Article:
It is very worrisome that Republican lawmakers in Texas want to make their state more like a theocracy, even if they have to deny the Constitution to do so.

Texas Senate Bill (SB) 1515 requires elementary and secondary school classrooms to display posters of the Ten Commandments in a conspicuous place. The legislation passed the state Senate on a 17-12 vote and is now headed to Texas’ House of Representatives.

The bill was authored by Sen. Phil King, who according to CNN said the bill will restore religious liberties that were lost and will remind Texan students of the importance of a fundamental foundation of America.

Setting up the Ten Commandments in secular schools for children to see is indoctrination. The first four commandments go against the First Amendment of the Constitution, so there is no basis that the Ten Commandments are the foundation of American law.

Only three of the Ten Commandments are actually in American law: murder, theft, and perjury.

The original punishment for blasphemy and breaking the sabbath was public stoning, which is as archaic as the King James English that this law would require the commandments to be displayed in. 

If you personally follow the Ten Commandments, that is perfectly reasonable, but others should not be forced to accept the seven commandments that are not in American law.

SB 1396, a bill that would require time for students and employees to pray and read the Bible on each day of school, also passed with a 17-12 vote. 

It is incredibly frustrating to see lawmakers attempt to take away religious liberties in the name of religious freedom. What these Republican lawmakers are doing is essentially installing a Protestant version of Sharia. The Bible is not American law and it never will be.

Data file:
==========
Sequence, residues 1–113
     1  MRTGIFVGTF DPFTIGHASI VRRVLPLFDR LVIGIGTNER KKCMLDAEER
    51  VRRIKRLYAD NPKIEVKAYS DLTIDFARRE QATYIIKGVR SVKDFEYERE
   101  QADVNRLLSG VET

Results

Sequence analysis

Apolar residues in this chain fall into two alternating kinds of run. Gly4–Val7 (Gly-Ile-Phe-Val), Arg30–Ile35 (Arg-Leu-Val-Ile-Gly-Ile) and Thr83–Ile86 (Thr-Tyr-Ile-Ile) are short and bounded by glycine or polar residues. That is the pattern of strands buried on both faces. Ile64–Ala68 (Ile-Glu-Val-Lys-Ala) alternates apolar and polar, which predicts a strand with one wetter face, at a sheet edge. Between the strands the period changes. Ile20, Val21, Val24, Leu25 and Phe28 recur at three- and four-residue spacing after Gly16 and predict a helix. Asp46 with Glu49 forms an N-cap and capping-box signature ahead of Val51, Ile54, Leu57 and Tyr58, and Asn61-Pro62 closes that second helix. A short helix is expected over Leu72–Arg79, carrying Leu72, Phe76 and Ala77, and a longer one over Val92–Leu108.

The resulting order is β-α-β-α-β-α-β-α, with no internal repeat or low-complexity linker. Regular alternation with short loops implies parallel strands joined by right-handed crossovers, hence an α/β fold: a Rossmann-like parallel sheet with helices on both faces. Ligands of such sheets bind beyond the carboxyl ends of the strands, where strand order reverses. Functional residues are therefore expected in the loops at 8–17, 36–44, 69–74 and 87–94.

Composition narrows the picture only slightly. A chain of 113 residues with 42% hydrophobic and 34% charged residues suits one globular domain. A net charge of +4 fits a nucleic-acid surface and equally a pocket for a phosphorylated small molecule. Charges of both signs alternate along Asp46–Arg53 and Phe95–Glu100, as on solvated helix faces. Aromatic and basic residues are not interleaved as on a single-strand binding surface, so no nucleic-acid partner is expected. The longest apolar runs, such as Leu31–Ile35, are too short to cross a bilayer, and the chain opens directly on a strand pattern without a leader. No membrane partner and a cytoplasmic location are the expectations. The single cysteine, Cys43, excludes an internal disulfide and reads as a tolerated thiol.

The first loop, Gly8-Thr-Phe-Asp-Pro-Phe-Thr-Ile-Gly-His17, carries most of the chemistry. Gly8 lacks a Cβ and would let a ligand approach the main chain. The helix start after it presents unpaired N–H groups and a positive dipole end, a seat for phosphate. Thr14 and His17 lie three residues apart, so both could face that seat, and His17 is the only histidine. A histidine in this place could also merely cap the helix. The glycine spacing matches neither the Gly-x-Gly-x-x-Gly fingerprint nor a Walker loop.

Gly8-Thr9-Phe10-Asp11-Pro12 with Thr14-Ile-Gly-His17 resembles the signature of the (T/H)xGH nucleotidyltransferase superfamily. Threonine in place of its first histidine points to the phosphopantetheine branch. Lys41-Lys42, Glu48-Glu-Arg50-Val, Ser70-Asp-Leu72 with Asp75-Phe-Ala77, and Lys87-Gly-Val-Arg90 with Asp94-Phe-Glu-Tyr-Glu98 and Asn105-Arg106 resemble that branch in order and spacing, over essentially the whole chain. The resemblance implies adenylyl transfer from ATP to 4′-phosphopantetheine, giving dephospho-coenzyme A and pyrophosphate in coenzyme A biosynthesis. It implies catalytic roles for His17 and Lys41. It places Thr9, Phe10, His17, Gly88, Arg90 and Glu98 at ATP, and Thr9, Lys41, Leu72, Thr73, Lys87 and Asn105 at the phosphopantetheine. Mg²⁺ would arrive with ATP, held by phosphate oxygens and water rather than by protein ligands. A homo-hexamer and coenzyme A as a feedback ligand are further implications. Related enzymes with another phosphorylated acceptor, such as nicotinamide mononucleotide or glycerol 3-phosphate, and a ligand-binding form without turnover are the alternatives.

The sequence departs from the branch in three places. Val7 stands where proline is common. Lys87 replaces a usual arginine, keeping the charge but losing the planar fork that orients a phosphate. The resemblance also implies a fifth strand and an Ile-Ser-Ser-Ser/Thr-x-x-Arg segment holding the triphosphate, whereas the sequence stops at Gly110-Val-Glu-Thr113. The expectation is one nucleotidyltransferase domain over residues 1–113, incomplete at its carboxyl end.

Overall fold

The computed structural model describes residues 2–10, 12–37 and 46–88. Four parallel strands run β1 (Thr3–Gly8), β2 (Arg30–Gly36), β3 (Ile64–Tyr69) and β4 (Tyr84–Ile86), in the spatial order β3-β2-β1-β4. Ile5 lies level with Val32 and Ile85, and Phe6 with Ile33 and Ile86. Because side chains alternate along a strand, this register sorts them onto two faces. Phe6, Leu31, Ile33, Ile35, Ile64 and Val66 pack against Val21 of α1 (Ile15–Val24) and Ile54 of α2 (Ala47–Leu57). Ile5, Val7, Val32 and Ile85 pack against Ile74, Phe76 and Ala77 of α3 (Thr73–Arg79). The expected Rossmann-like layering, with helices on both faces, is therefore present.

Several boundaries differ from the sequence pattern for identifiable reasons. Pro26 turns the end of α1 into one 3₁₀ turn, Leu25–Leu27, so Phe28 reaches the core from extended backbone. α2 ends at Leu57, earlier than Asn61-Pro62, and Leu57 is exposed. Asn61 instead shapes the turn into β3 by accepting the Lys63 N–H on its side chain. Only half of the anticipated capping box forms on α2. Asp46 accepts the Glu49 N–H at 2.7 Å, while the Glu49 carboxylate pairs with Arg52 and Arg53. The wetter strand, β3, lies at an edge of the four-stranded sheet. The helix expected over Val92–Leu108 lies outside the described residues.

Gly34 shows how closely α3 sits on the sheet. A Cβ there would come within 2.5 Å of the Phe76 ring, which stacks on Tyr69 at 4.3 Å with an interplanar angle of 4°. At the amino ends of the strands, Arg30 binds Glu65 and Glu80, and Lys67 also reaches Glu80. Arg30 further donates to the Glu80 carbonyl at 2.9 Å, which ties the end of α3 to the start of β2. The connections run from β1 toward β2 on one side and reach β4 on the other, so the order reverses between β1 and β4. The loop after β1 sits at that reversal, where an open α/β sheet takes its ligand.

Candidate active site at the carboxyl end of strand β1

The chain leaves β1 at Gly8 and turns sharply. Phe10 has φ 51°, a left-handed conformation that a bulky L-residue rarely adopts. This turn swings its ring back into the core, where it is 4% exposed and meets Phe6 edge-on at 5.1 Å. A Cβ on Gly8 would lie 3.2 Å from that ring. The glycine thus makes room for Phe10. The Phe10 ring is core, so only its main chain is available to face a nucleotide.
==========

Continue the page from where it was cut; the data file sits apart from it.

I find it heartbreaking that the separation of church and state is blatantly being ignored all because it is based on Judeo-Christian values. If the Eightfold Path or the Wiccan Rede were required to be displayed in classrooms there would be rightful protests. If Muslim lawmakers tried to require Islamic prayers in classrooms these same lawmakers would call it out for the attack on religious liberty that it is.

Following the passage of the two bills Texas Lt. Gov. Dan Patrick said in a statement, “Allowing the Ten Commandments and prayer back into our public schools is one step we can take to make sure that all Texas have the right to freely express their sincerely held religious beliefs.”

Prayer was never illegal in public schools; only forcing students to pray in school was ruled unconstitutional in 1962. 

It is infuriating and devastating how these lawmakers are getting away with disregarding the Constitution they claim to respect. Religious freedom will slowly die in Texas if nothing is done about this. That is not something I or anyone who cares about freedom wants to see.

Nico Brazill can be contacted at

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